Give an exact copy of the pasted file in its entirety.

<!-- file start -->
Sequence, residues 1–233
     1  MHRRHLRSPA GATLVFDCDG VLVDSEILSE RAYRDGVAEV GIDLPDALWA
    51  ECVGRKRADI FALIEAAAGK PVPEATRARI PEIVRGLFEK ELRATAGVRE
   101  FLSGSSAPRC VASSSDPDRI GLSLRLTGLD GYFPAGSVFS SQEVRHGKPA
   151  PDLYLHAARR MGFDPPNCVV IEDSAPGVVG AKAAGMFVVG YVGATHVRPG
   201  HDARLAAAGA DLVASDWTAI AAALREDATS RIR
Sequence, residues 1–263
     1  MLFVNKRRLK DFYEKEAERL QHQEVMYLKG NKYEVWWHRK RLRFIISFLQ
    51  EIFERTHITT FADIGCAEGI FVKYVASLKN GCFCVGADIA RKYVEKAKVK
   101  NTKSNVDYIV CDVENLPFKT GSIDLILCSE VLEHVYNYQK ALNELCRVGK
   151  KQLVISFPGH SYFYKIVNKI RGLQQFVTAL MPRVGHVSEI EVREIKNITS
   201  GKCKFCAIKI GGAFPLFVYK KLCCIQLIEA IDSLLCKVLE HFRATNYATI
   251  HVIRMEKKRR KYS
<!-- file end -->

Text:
Sequence, residues 1–233
     1  MHRRHLRSPA GATLVFDCDG VLVDSEILSE RAYRDGVAEV GIDLPDALWA
    51  ECVGRKRADI FALIEAAAGK PVPEATRARI PEIVRGLFEK ELRATAGVRE
   101  FLSGSSAPRC VASSSDPDRI GLSLRLTGLD GYFPAGSVFS SQEVRHGKPA
   151  PDLYLHAARR MGFDPPNCVV IEDSAPGVVG AKAAGMFVVG YVGATHVRPG
   201  HDARLAAAGA DLVASDWTAI AAALREDATS RIR
Sequence, residues 1–263
     1  MLFVNKRRLK DFYEKEAERL QHQEVMYLKG NKYEVWWHRK RLRFIISFLQ
    51  EIFERTHITT FADIGCAEGI FVKYVASLKN GCFCVGADIA RKYVEKAKVK
   101  NTKSNVDYIV CDVENLPFKT GSIDLILCSE VLEHVYNYQK ALNELCRVGK
   151  KQLVISFPGH SYFYKIVNKI RGLQQFVTAL MPRVGHVSEI EVREIKNITS
   201  GKCKFCAIKI GGAFPLFVYK KLCCIQLIEA IDSLLCKVLE HFRATNYATI
   251  HVIRMEKKRR KYS